- Oregon’s Reustle scores again in California wine judgingPosted 1 day ago
- Telaya Wine Co. follows up awards with Boise River tasting roomPosted 3 days ago
- Mercer Estates opens wine bar at KeyArenaPosted 4 days ago
- Red Mountain winemakers taste mechanically harvested CabPosted 4 days ago
- Oregon wineries embrace Memorial Day weekendPosted 5 days ago
- Washington’s Great Cabernet SauvignonsPosted 6 days ago
- WillaKenzie Estate to renew Food Truck WeekendsPosted 1 week ago
- Oregon Wine Board publishes its first touring guidePosted 1 week ago
- Rise and fall of Washington LembergerPosted 1 week ago
- Seattle gears up for Riesling Rendezvous in JulyPosted 1 week ago
Amity winemaker Pendergrass launches own label
AMITY, Ore. – Winemaker Darcy Pendergrass of Amity Vineyards has launched Tartan, her own small winery.
Pendergrass, who has been owner Myron Redford’s head winemaker since 2008, is producing small amounts of wine under the Tartan label, limiting production to 300 to 500 cases per year.
Her first releases are the 2006 and 2007 vintages of Tempranillo and Dolcetto from Willamette Valley grapes.
Pendergrass, who grew up in the southern Willamette Valley, attended the University of Montana, where she earned a degree in microbiology. She spent some time in Montana after college running a hotel and skiing before heading back to Oregon, where she held aspirations of getting into craft brewing.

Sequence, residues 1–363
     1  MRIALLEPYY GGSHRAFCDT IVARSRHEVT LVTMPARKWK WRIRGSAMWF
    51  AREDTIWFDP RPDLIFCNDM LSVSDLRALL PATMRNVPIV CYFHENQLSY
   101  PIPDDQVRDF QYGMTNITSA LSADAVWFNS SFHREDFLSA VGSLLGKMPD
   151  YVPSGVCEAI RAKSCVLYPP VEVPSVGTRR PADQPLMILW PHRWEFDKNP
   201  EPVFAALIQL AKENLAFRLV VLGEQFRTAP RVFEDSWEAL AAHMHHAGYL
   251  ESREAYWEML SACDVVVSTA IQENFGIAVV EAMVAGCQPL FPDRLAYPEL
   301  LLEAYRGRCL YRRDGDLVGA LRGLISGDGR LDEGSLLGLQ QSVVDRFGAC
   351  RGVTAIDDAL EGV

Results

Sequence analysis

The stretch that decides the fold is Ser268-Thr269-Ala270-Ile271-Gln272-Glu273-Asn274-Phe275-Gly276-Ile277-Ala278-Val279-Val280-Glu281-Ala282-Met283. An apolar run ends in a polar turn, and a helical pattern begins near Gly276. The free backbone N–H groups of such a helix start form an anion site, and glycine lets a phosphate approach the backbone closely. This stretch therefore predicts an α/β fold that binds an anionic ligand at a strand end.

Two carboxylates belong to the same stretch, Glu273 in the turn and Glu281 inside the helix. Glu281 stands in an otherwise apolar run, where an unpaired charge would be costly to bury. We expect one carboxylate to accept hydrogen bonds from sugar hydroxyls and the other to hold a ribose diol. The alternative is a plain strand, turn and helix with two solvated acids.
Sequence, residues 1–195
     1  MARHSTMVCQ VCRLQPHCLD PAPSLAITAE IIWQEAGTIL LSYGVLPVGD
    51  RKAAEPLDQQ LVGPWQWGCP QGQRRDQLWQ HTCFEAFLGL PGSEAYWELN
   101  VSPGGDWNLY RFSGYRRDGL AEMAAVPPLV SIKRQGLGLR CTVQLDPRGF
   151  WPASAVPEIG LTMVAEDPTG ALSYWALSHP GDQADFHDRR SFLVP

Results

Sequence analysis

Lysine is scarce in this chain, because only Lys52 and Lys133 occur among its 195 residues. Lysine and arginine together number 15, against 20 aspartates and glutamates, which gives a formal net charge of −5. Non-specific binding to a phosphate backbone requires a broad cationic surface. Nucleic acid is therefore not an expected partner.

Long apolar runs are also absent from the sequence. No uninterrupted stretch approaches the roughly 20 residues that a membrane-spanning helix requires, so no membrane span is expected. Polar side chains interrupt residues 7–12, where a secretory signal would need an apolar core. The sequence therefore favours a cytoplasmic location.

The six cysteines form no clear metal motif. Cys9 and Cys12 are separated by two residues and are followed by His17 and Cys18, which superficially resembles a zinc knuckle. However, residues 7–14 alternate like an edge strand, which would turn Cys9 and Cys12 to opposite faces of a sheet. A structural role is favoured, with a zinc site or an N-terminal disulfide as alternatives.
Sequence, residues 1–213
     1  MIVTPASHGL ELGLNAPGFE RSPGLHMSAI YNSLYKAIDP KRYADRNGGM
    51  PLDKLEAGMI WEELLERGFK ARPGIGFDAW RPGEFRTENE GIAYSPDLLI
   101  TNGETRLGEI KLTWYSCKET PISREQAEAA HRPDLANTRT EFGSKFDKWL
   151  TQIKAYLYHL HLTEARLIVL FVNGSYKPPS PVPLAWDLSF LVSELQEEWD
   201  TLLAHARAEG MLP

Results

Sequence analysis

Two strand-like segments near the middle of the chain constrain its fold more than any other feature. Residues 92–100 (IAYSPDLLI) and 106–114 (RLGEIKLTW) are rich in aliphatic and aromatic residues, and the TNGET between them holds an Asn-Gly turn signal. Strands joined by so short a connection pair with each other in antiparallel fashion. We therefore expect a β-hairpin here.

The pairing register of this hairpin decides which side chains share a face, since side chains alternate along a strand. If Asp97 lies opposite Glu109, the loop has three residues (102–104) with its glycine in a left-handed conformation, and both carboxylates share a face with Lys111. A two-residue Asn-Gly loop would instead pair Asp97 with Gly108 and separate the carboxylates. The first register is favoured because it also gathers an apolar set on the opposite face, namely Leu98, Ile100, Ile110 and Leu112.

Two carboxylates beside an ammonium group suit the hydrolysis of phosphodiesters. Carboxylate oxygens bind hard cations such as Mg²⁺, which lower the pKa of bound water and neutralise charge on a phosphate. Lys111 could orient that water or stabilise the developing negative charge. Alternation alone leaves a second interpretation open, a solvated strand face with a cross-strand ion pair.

Instead, Pendergrass came back to Oregon, took winemaking classes at Chemeketa Community College and found a job in 2001 in the tasting room at Amity Vineyards in the Eola-Amity Hills. She quickly worked her way into the lab and finally the cellar, learning alongside one of the legends of the Oregon wine industry. Redford launched Amity in 1976 and has been one of the state’s most important – and outspoken – winemakers.
” ‘Lively’ is a good description of him,” Pendergrass told Great Northwest Wine a year ago. “I know his palate pretty well, and I do know what not to put in front of him. My goal is to make a wine that we can both agree on, and our palates are very different.”
Redford learned his winemaking from the legendary Lloyd Woodburne, who started Associated Vintners (now Columbia Winery) in the early 1960s. Redford purchased a vineyard in 1974 and launched his winery two years later.
Pendergrass’ development as a winemaker has allowed Redford to spend more time in the vineyard.
Pendergrass’ two wines under Tartan come from Sunnyside Vineyard, a favorite of Redford’s throughout the years for Pinot Noir. All of the Tartan wines retail for $20.
The winery name is a nod to her Scottish heritage.
Pendergrass will continue to be Amity’s full-time winemaker, and Redford has been so supportive, he even sent an email announcement to his winery customers:
“We have watched Darcy grown and evolve,” he wrote. “It is exciting to be able to help her announce Tartan. We encourage you to experience these lovely wines.”